Here's the primary source:
"Is dark matter an illusion created by the gravitational polarization of the quantum vacuum?"Ker Than, the National Geographic News reporter, got it a little mixed up in this part of the NatGeo article:
by Dragan Slavkov Hajdukovic
Astrophysics and Space Science 334(2):215--218
All of these electric dipoles are randomly oriented—like countless compass needles pointing every which way. But if the dipoles form in the presence of an existing electric field, they immediately align along the same direction as the field.This electric analogy states that electric dipoles align and strengthen electric fields, but that's incorrect. Electric dipoles weaken surrounding electric fields. In particular, the positive end of the dipole goes toward the "negative end" of the field and the negative end of the dipole goes toward the "positive end" of the field. So the two fields subtract from each other, not reinforce. This is summarized in the primary source (that I'll quote below).
According to quantum field theory, this sudden snapping to order of electric dipoles, called polarization, generates a secondary electric field that combines with and strengthens the first field.
[ note that magnetic dipoles align and reinforce surrounding magnetic fields because there are no magnetic monopoles. That is, magnetic field lines are continuous; they don't terminate. Consequently, magnetic dipoles are torqued to align their fields. Electric dipoles are driven by the motion of their monopolar ends ]
What Ker Than missed was that in this model of "gravitational charge", it is the case that opposites repel and likes attract. That's why you (matter) are attracted to earth (also matter). However, anti-matter and matter would repel each other. Moreover, if you had a matter–antimatter virtual pair (as quantum field theory says you do in a vacuum of space), that dipole would align because its "positive" end would be pulled toward the positive end of the gravitational field (and vice versa for its negative end). This alignment would strengthen the resulting field.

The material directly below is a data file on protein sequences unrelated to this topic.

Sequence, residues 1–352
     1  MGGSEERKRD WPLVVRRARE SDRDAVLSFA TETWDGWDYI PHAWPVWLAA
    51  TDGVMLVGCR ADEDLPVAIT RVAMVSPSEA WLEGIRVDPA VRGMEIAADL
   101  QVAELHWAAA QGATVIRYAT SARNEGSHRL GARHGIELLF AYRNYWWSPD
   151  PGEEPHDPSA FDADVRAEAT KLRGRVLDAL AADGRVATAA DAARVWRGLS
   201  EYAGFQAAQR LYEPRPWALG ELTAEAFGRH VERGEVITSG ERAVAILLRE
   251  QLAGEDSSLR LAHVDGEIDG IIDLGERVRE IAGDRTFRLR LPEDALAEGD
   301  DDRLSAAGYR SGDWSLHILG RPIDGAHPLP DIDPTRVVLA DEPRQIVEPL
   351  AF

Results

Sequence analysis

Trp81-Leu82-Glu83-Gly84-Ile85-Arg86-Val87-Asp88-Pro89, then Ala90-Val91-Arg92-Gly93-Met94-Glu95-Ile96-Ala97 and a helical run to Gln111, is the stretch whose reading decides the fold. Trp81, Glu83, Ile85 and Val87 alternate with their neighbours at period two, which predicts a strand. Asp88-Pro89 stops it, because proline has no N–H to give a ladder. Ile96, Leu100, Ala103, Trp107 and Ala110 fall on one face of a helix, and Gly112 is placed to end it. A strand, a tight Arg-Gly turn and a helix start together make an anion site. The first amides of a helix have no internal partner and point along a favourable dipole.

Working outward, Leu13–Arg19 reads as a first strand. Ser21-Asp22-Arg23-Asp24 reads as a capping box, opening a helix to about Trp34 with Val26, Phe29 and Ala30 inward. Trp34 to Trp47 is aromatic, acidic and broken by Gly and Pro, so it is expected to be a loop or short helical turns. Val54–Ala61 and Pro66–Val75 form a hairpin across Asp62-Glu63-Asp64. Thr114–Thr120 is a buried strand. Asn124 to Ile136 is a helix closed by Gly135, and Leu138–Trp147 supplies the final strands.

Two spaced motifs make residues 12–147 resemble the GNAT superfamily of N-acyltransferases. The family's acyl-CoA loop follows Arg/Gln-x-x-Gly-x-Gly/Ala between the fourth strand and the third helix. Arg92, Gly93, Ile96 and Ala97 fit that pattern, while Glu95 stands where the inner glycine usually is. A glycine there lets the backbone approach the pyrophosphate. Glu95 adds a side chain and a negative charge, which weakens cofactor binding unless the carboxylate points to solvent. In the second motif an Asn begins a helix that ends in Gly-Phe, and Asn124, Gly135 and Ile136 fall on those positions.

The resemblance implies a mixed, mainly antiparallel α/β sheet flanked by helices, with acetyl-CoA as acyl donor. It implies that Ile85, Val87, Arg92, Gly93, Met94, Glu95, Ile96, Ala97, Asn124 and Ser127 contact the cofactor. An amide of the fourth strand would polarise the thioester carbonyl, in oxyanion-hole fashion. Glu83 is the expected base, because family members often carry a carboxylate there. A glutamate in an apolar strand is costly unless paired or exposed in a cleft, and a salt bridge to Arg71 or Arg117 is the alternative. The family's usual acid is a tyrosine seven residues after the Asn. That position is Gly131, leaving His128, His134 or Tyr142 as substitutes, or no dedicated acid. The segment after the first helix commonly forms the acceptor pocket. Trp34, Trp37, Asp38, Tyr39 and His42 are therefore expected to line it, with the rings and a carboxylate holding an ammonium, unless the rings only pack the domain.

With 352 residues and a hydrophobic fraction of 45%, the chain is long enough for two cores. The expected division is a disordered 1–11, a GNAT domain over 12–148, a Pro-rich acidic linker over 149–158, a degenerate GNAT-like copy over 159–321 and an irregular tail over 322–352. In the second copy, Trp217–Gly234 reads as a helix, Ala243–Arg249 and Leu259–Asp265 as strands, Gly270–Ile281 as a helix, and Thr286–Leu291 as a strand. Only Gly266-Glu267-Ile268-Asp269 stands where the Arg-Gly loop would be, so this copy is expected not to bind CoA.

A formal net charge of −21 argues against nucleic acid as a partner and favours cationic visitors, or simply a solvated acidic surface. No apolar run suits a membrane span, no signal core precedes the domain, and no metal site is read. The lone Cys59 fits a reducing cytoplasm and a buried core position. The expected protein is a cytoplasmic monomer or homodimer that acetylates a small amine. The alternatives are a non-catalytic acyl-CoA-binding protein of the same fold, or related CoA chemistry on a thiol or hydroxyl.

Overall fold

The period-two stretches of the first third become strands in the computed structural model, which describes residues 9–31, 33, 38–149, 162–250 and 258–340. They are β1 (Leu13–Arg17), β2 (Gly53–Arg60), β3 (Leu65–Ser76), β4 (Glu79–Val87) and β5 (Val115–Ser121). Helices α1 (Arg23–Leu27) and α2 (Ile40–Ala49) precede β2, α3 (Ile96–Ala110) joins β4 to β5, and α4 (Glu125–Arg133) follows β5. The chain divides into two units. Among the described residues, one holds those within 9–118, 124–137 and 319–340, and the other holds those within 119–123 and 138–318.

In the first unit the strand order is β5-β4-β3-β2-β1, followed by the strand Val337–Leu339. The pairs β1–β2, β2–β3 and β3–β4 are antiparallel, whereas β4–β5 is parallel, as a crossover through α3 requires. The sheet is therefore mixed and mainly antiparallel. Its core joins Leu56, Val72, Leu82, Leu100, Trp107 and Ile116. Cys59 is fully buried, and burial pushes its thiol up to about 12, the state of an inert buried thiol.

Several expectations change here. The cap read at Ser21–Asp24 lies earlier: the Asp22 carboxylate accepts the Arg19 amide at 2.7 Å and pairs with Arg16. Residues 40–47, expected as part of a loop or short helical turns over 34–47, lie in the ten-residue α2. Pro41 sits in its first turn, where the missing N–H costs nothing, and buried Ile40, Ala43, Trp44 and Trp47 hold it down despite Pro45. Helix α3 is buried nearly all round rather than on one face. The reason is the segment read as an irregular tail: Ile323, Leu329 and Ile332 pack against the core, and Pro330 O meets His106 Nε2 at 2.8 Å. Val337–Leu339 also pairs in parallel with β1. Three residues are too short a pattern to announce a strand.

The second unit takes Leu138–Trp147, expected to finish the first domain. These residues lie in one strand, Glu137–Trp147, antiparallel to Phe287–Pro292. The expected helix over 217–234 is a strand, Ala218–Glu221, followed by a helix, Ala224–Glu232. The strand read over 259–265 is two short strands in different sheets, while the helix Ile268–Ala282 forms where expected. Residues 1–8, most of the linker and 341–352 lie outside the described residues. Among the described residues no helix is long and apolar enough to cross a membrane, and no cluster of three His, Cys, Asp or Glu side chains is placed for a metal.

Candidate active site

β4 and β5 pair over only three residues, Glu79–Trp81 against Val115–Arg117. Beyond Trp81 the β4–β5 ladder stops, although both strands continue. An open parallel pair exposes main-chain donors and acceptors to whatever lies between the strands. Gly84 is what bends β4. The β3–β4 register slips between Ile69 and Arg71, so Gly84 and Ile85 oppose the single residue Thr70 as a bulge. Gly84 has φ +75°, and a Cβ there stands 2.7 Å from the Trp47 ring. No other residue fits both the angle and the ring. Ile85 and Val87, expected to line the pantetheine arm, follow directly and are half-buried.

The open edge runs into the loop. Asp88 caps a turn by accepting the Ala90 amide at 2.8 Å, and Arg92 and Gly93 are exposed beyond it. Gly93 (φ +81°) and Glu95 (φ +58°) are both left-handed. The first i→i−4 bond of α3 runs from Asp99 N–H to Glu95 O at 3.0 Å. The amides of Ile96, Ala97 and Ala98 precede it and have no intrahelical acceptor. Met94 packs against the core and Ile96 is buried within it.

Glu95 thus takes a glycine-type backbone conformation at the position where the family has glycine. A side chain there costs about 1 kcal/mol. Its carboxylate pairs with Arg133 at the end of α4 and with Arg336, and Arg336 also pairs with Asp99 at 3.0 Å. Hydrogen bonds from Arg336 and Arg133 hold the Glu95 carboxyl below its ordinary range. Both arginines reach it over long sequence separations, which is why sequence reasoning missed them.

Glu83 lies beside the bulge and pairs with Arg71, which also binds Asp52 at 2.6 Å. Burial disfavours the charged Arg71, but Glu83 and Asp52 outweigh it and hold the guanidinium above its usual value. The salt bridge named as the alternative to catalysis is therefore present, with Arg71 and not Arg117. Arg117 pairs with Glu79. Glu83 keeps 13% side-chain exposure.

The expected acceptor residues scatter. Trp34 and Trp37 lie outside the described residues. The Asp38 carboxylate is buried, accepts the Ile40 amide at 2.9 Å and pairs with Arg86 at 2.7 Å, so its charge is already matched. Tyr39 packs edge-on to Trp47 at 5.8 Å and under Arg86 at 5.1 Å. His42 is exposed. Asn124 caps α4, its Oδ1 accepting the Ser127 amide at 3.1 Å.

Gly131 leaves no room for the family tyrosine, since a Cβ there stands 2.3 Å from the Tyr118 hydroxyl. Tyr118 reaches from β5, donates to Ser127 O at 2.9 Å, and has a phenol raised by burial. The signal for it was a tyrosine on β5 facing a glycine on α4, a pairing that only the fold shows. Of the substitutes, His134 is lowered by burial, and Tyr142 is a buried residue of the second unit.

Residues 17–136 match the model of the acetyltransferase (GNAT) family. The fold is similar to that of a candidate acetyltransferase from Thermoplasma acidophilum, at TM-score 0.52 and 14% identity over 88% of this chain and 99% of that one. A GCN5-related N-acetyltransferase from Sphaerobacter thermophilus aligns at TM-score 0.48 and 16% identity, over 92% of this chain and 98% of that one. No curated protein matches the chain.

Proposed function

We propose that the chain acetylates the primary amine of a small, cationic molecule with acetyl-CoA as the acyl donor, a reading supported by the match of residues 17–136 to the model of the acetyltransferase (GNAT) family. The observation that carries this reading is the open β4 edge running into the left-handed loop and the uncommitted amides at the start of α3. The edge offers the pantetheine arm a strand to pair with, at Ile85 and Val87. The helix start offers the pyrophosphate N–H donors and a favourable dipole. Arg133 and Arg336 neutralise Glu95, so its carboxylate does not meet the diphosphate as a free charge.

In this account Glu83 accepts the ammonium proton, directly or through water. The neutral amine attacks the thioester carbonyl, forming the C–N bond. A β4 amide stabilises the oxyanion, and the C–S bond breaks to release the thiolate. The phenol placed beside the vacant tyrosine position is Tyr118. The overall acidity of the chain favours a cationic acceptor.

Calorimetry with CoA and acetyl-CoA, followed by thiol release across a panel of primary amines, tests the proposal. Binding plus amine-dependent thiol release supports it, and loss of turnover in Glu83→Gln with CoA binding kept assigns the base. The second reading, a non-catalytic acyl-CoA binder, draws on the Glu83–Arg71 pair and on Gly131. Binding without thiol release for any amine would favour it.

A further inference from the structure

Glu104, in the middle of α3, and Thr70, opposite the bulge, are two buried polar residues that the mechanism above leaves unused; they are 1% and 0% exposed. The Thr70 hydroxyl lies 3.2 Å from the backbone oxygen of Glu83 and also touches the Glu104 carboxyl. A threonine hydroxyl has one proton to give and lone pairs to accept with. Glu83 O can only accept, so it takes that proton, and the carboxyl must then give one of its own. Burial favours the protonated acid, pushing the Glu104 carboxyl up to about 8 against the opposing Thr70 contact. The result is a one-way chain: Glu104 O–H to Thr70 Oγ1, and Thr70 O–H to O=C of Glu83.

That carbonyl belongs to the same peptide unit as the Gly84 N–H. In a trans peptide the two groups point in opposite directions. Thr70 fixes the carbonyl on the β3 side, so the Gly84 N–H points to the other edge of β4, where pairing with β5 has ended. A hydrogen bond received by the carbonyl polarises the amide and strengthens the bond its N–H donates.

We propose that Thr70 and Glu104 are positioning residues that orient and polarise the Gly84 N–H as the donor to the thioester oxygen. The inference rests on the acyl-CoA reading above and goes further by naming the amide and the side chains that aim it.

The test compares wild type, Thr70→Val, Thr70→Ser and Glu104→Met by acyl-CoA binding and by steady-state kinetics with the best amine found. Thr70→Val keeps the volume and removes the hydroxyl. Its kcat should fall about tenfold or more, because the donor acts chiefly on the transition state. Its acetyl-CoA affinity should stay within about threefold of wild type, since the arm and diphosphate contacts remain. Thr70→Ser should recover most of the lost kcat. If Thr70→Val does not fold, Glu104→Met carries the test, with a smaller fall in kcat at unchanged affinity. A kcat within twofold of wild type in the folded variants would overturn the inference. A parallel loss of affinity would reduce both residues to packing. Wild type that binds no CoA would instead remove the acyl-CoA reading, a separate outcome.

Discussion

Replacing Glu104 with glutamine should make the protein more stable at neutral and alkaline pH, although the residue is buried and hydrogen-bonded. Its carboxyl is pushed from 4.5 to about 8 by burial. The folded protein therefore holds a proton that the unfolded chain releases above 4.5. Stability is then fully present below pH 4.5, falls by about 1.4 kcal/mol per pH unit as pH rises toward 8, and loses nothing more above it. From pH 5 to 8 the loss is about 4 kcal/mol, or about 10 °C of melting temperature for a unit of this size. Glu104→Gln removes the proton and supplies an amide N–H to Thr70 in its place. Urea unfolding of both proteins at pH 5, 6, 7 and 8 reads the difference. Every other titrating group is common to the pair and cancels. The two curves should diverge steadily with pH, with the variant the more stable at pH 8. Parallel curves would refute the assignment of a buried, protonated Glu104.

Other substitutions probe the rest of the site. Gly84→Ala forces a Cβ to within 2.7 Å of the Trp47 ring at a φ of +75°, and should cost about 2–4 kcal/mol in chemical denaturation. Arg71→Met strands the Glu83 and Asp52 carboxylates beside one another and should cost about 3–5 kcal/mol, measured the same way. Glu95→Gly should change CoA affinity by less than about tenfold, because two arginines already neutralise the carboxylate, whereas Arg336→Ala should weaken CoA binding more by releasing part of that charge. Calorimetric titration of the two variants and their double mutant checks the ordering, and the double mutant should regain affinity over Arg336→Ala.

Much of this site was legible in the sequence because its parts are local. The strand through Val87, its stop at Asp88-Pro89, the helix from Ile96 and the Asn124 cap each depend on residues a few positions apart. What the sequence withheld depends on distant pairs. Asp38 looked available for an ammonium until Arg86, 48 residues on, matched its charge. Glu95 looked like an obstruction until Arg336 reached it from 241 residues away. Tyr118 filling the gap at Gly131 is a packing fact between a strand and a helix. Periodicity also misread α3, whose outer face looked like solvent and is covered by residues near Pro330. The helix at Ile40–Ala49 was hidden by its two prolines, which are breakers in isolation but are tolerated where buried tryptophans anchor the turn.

Here's the relevant snippet from the bottom of the first column of page 2 of the article:
In order to grasp the key difference between the polarization by an electric field and the eventual polarization by a gravitational field, let's remember that, as a consequence of polarization, the strength of an electric field is reduced in a dielectric. For instance, when a slab of dielectric is inserted into a parallel plate capacitor, the electric field between plates is reduced. The reduction is due to the fact that the electric charges of opposite sign attract each other. If, instead of attraction, there was repulsion between charges of opposite sign, the electric field inside a dielectric would be augmented. But, according to our hypothesis, there is such repulsion between gravitational charges of different sign.